2021 Edinburgh Architectural Association (EAA) Awards for Architecture

This year’s EAA awards were held on 28th October. According to their website, the awards are ‘designed to create a showcase for the Architectural profession to demonstrate its contribution to the environment and the economy’.

Last November there was a number of Edinburgh schemes among the winners at the 2020 awards.

Here is a quick look at the developments in Edinburgh which were among this year’s winners.

If you want to take a deeper look into the details, the Planning Portal  provides all the plans, drawings and related reports.

Old Schoolhouse, Morningside Rd (Planning Reference 18/01829/FUL)

Small Project Award

(Credit: EAA)

This category B-listed single storey church is located on the north-west corner of Morningside Road and Cuddy Lane and is in the Merchiston and Greenhill Conservation Area. It was originally built as a schoolhouse in 1823 with 20th century extensions to north and south elevations.  An application for Planning Permission was submitted in April 2018 for the demolition and replacement of the existing south extension and the removal of the internal and external alterations to the north extension’s east and west elevations.

View all the drawing, plans & details on the Planning Portal .

Queensferry High School (Planning Reference 17/04262/FUL)

eaa-edinburgh-architectural-association-awards-2021-queensferry-hs-1.jpg
(Credit: EAA)

Large Project Award

An application in September 2017 was submitted for a new build replacement secondary school with associated playing fields, external spaces, car parking and landscaping. The existing school was demolished following completion of the development.

View all the drawing, plans & details on the Planning Portal

Meadowbank Masterplan (Planning Reference 20/00618/AMC)

Masterplanning Award

(Credit: Collective Architecture)

The redevelopment of Meadowbank is a major Council led regeneration project which will deliver a modern sports centre with new homes and community facilities on the surrounding site. This strategic place-making project is expected to bring significant opportunities to the area. 

View all the drawing, plans & details on the Planning Portal.

Other nominated Edinburgh schemes included:

Small Project

69/3 East Claremont Street

1/5 Gordon St

Stockbridge Ghost Extension

CommendationTreen

Residential

Commendation– Gayfield Square (Planning Application Reference 21/02889/CLP)

Large Project

Commendation– St Peter’s Church Hall (Link Phase) (Planning Application Reference 21/03913/LBC)

Masterplannning

Granton Waterfront (Granton Waterfront Development Framework)

Regeneration/Conservation

6 Circus Lane (Planning Application Reference 19/03220/LBC)

Blackhall St Columbia’s Church (Planning Application Reference 18/07853/FUL)

Congratulations to all winners and finalists!

Consultation on the Merchiston & Greenhill Conservation Area Character Appraisal Revision

In 2018, the Planning Committee approved an updated programme of review of the existing conservation area character appraisals.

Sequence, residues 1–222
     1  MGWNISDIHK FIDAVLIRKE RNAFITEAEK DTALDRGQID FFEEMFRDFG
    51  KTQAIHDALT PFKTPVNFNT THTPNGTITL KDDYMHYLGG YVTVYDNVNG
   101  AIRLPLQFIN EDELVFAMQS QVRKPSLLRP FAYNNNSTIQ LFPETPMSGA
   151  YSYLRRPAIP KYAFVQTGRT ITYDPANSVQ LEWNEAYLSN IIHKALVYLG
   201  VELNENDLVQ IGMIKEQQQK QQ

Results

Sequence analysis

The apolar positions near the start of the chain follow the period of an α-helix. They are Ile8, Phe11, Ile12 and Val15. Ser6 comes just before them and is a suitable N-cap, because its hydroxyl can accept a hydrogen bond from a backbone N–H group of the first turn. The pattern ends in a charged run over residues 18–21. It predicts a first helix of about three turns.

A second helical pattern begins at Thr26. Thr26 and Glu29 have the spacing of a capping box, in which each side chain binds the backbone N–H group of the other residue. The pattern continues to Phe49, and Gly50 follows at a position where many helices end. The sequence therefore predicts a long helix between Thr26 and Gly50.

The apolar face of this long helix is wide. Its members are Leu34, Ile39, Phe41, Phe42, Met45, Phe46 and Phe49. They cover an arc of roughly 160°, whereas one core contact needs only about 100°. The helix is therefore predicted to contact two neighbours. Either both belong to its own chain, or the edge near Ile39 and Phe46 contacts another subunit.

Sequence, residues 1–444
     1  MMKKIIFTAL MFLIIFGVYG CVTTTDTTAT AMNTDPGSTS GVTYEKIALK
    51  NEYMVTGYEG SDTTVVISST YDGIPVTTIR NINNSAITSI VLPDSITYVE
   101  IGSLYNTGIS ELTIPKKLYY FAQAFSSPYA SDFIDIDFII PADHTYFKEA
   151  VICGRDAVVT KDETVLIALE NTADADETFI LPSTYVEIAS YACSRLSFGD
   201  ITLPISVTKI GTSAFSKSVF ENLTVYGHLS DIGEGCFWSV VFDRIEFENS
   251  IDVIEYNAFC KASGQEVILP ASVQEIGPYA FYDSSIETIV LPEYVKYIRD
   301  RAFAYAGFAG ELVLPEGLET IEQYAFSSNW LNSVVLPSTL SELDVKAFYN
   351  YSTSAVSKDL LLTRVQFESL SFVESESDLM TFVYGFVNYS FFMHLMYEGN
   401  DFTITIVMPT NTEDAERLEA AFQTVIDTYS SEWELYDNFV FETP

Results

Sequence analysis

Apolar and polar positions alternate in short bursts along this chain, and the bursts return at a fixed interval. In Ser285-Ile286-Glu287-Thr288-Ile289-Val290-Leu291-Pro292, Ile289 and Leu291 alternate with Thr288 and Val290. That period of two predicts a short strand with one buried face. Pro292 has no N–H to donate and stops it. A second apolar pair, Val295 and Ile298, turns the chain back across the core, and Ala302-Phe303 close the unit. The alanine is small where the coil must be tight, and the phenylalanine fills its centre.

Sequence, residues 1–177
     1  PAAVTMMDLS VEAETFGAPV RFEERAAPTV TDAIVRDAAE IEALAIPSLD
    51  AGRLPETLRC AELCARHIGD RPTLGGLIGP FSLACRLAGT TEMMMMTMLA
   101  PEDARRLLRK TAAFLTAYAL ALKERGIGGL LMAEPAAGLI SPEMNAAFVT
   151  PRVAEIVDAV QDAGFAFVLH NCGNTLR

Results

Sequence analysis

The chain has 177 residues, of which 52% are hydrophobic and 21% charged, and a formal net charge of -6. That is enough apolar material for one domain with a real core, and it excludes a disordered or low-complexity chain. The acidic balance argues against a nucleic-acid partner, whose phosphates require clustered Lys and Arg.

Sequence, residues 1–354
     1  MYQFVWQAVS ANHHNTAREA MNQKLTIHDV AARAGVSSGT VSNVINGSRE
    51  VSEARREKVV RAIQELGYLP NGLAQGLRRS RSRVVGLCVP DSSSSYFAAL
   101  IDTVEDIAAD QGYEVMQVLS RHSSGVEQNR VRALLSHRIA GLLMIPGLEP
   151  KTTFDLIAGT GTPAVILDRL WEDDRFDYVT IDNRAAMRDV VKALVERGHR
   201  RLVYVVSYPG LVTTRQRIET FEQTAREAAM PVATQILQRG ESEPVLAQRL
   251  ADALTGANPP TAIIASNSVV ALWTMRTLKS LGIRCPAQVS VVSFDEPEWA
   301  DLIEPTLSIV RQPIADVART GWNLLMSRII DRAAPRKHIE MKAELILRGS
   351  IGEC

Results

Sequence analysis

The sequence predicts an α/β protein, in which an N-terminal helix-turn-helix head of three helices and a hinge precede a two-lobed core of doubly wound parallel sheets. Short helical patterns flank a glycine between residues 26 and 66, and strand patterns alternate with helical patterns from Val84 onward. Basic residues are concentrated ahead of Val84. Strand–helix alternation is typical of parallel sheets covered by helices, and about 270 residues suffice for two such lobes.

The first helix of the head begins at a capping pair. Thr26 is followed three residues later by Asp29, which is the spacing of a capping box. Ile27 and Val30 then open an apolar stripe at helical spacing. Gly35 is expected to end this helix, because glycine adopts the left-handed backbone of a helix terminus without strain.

As part of this ongoing process, the Merchiston and Greenhill Conservation Area Character Appraisal has now been revised and we are seeking your views on the draft text.

The Merchiston and Greenhill Conservation Area was originally designated in May 1986 and the first character appraisal for the area was approved in April 2003.

The revised draft character appraisal amends the text of the original appraisal for its final publication as a digital document that will include images, photographs and interactive maps.

No boundary changes to the conservation area are proposed.

We are seeking views on the following aspects of the revised Conservation Area Character Appraisal:

  • How clearly does the appraisal set out the issues within the Merchiston and Greenhill Conservation Area
  • To what extent you agree or disagree with the proposed revised appraisal of the Merchiston and Greenhill Conservation Area

The consultation is available now, should take less than 10 minutes to complete and is open until 11 Feb 2022

City Plan 2030 is published for comments

City Plan 2030 is a new local development plan for the City of Edinburgh Council area. When agreed, it will replace the existing Local Development Plan that came into force in November 2016.

We’ve published our proposed plan for the ‘period of representations’, which is the final opportunity for you to give us your comments.

The proposed plan sets out locations for new homes and businesses, where new infrastructure and facilities are required and how we will protect places of value. It also includes policies which will be used to determine future planning applications and will shape the city over the next 10 years and beyond.

Check out the interactive proposals map along with the accompanying Environmental Report and a range of background documents used to inform the plan.

The proposed plan, agreed by the Planning Committee on 29 September 2021, was prepared following careful consideration of the responses to the earlier ‘Choices’ consultation, assessment of national, regional and local policy and a range of background studies and appraisals.

Representations can be in support of or object to any aspect of the proposed plan, and should set out any changes you wish to see. Comments can also be made on the Environmental Report and background documents.